Tuesday, November 15, 2011


OK. I know this will seem a bit intense, but that would describe my personality. Please just put up with it.

I have occasionally described our cultural change to people without describing it as simply a different form of secular activity.

When I was a kid, mostly back in the '50s and '60s, our family was one of the most "secular" anyone could have imagined. When, within our home, foul language and violence and other horrific behavior occurred, it did NOT fit into our society. What helped me see the other side was school. The principals and teachers usually set the rules very clearly. For instance, I couldn't hit other kids and scream, which was common at home. I couldn't cuss or tell dirty jokes. I wouldn't be accepted when acting in that fashion.

I came to the Lord when I was 20. To that point, in 1966, my lifestyle was overwhelmingly crummy, and wasn't improving. Before my salvation, I didn't fit into the normal culture.

About 20 years later, with my kids in high school in our Omaha neighborhood, the opposite had already occurred. For instance, a new teacher, with his heart for the kids, trying to help someone in a hall fight, was struck. He quit teaching. Kids and their "rights" suddenly began to rise above the former attitude. Over those few years, when kids came down our street near the high and junior high schools, I could hear the screaming, fighting, and language... words even I wouldn't have said when young, and rarely heard in my house. When my kids and their friends were coming into our house my common instruction was, "Leave your street talk outside."

So, another twenty-plus years later, it's even more opposite from what it was when I was a kid and raising my kids. My present insistence to grandkids, among others is "No, you can't watch 'R-rated movies or TV shows" ..." or "No, you can't 'text' while we're talking to each other". When I'm walking through tough neighborhoods, I'm not at all afraid of seeing the gangs hanging out. What I AM afraid of is hearing the obscene language... and having it planted in my head, constantly needing help to have my brain cleansed.

So, this might not seem very technical or politically correct or well-defined. But, I've lived through those changes ... and am struggling when I think of what might be continuing to head our direction and keep us Christians constantly on our toes, looking around, hoping to help others grow in HIM. Only Him.

Started thinking this way through the Word project. Sure got my brain spinning.


a joyful noise said...

We do live in a secular world and yet as believer's we are not to become like the world in behavior. When I attended school, it was in another time. We sang Christian songs and celebrated Christmas. Even my children did not have it so bad in school. I agree that today’s world is not like yesterday, but we must be examples for our children and their children. You are doing a good thing by setting rules at least in your own home. Those who visit or live there will always remember what you are showing them by your good choices.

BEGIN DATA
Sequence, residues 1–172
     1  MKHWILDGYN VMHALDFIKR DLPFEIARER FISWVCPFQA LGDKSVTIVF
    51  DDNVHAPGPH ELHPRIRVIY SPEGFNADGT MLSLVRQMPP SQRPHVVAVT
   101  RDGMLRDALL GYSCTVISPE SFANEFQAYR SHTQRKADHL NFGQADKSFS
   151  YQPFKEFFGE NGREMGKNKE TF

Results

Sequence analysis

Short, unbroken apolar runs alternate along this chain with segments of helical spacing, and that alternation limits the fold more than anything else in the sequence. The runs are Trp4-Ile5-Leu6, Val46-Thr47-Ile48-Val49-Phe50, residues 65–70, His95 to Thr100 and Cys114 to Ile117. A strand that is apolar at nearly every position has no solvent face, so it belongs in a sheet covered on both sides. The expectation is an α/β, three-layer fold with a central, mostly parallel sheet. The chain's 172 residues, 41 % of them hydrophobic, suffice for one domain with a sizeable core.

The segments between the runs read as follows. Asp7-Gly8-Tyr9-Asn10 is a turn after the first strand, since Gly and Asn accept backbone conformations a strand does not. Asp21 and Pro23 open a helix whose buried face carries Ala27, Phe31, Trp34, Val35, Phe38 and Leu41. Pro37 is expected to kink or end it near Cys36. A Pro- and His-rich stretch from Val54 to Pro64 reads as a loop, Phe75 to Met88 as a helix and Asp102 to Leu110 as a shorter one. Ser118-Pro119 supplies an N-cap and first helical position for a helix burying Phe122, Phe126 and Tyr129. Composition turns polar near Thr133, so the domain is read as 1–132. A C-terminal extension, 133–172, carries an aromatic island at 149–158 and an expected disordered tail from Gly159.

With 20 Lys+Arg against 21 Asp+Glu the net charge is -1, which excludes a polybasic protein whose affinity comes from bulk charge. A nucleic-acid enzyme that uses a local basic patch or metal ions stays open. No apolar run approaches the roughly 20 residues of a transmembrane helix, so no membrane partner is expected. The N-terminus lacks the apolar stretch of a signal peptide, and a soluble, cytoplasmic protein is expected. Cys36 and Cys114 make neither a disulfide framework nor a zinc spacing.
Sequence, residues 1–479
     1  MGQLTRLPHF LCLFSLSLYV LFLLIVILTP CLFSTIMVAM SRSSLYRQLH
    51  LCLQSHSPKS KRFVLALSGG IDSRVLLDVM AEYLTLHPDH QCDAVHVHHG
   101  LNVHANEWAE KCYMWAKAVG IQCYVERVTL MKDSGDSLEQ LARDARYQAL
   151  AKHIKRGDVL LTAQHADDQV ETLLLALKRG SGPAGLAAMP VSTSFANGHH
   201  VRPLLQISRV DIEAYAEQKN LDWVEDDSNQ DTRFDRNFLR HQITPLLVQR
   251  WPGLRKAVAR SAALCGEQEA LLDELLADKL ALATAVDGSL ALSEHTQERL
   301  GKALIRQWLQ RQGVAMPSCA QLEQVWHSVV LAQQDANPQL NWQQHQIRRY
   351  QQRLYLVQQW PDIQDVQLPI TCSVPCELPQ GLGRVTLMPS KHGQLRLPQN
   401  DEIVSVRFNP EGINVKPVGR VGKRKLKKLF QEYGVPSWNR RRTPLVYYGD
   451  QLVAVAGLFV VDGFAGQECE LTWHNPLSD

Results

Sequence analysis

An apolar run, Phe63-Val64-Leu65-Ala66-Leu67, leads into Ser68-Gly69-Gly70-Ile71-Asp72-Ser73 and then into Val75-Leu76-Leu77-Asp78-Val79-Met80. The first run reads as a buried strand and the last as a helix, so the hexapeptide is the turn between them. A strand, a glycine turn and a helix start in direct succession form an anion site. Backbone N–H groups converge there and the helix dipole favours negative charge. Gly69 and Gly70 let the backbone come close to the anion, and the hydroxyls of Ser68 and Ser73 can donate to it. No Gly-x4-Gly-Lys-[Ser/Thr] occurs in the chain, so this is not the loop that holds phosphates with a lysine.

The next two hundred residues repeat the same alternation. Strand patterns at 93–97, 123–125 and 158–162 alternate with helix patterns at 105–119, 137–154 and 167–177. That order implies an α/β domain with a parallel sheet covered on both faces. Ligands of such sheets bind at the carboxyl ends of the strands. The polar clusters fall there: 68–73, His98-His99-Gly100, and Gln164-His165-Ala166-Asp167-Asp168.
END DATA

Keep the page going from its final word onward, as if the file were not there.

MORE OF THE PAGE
Zee said...

What scares me about cussing is that most people I hear on the street (and cussing is a second official language here, in Ukraine, it seems like sometimes) - they cuss, but they are not arguing... it's simply the way they talk. THAT is frightening. I wouldn't want my kids to grow up in such an atmosphere.

In my family, I don't think I've ever heard cussing. It just didn't feel necessary. Yeah, there were times of arguments, but never cussing. Guess my grandma raised all of us that way - and then coming to Church solidified her lessons. (My family came to Church only around '91 because before there was Soviet Union and communism...)

S. Etole said...

Obscenities seem to be the new mark of being "with it" as our generation would have said.

On a side note, just what is that that is exploding in your photo?

Cris Ferreira said...

It is always so refreshing to read a testimony about a life changed like yours.
And you're right, it's scary how things are getting worse, but more than ever we need to be the light of the world and keep faithful to our values.

Laura said...

It sounds like you have managed to cling to the Lord, despite all these changes you have seen. That is to be commended. And maybe there is more fruit still to come from the example you set.

As for my part, I hope you make it to Appalachia sometime. YOu are invited to dinner :)

Beth said...

I live it every day. It's gotten so that it's easier to ignore a cuss word in the hallway than to write the kid up. The hassle in write ups is more a burden to the teacher than the kid. You've made me think about some things I could insist on though. Thanks.